This post is dedicated to the many followers of this blog, and to the one specific reader in Washington wanting to know “just what the heck is a wicking bed, anyway”.
Well, the best way I can describe a wicking bed, is to recall a 4th grade science project we had to do one day. We came in and sat down, the teacher had roll call, and then he passed us all two cups and a piece of string. One by one, we all went up to the sink in the classroom, and filled 1 cup about 1/2 way with water. We were then instructed to set up our cups side by side on the marble style science table, and place the string so the ends were in both cups, with one end about and 1/2 way in the empty cup and the other end of the string touching the water in the other cup, with and the excess slack in the water cup.
You probably know where I’m going with this. The string acted as a ‘wick’, pulling up the water, and depositing it in the other cup. A wicking bed acts on this same principle, except instead of string, the soil is used as the wick, ensuring a constant and even moistness throughout the soil. Today I will illustrate exactly how you can build your own wicking bed.
First thing you need is a food safe, water tight container. I have used 75 gallon watering troughs, 30-gallon-ish ICB Tote tops, an old kiddie pool, a re-purposed ice cooler and even a 5 gallon bucket as a wicking bed. The possibilities are numerous, and limited only by your imagination. It would seem that 5 gallon buckets are fairly easy to come by, so we will use one of these as our example.
2nd thing you need are some hard plastic containers, again food safe. I use ‘sports drink’ bottles. Tear the label off, and drill several holes in each container. I use an 1-1/4″ hole saw, on the end of my power drill. Then place this container inside the 5 gallon bucket. Continue drilling and adding bottles until about 1/3 – 1/2 of the bucket is full. This is the reservoir. The rigid plastic gives the soil something to ‘perch’ on, while the water stays pooled on the bottom.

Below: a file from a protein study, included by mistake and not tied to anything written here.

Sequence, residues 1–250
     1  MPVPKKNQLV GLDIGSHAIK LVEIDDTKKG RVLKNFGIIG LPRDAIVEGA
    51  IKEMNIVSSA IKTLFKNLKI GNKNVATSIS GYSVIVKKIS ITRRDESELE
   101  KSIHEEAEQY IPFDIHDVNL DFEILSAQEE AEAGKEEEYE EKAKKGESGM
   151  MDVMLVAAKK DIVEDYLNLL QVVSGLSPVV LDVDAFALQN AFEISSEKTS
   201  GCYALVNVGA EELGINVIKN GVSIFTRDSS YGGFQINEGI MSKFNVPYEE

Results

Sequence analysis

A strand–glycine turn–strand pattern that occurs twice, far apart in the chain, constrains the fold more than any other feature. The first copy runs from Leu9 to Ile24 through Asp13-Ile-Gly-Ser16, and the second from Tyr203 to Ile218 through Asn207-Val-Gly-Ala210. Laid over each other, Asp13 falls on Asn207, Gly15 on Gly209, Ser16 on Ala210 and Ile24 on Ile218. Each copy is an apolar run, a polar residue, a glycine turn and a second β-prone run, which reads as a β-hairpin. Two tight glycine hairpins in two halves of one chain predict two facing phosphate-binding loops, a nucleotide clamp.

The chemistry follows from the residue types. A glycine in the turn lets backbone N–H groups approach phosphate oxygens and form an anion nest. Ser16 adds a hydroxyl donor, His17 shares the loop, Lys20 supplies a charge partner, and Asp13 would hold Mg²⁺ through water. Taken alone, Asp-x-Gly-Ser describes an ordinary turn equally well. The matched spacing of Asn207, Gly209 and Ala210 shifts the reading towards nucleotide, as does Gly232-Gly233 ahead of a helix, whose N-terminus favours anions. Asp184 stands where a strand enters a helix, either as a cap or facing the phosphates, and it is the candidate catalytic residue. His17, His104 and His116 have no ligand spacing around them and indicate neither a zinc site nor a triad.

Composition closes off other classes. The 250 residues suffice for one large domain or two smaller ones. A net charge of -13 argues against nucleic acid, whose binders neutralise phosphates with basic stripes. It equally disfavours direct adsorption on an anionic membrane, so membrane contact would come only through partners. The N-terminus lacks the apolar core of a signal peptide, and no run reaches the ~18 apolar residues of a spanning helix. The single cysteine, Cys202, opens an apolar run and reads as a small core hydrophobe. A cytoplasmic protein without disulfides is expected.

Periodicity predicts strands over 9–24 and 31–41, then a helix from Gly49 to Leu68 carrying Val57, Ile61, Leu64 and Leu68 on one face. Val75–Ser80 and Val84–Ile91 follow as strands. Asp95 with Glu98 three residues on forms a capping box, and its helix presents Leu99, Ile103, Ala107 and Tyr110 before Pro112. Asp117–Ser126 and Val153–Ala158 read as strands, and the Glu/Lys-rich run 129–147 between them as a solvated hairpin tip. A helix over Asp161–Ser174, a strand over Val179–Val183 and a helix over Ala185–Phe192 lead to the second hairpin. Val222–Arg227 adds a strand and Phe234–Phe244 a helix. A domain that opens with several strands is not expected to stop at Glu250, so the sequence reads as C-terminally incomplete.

3rd thing you will need is some plastic fabric. I used to be in construction, and had access to ‘silt fencing’, which is the orange or black stuff you see along the side of the road to prevent erosion, allowing water to pass through, but not soil or silt. Cut out an area twice as large as the opening in the 5 gallon bucket. I cut mine 2 ft sq. and lay it on top of the drilled out sports bottles, allowing the excess to fold up along the sides of the bucket. This will keep the soil from filling up the reservoir.
4th thing you will need is soil. You can dig it up from the back yard, or simply go to the gardening store of your choice, and purchase top soil by the bag. A single 1 cu ft bag of soil should be more than enough for your starter bed. Lightly tamp the soil firm.
5th thing you will need are plants! whether you buy your plants from seedlings or prefer to start them from seed yourself, now is the time. Actually, If you start from seed, you could have started 3-4 weeks ago, and then planted those seedlings now.
OPTIONAL – to make it easier to keep the water in your wicking bed at the correct depth, make a mark on the outside of the bucket where the soil and fabric meet the water. Then, with some pvc piping, either 1″ or 1-1/2″ piping and (1) corresponding 90, or ell. Cut one piece of pipe about 24″, or long enough to reach from the bottom to the top of the bucket. Place the 90, or ell onto the end of the 24″ piece of pvc pipe, and place another piece, 6″ in the other end of the ell. Finally place the 90 ell on the bottom of the bucket, under the sports drink bottles, and standing up along the side of the bucket with the longer piece standing upright. This is your periscope, to check water level. The water in the pipe, should be as high as the mark on the outside of your bucket.
6th and final thing you will need is water. Water in your plants, or better, pour the water directly into your periscope, until the desired height is reached. Pouring the water in this way, will help prevent soil bourn diseases from effecting your plants. Often times these diseases get splashed up onto the plant when watering.
Congratulations! You are now fully prepared to build your own Wicking Bed.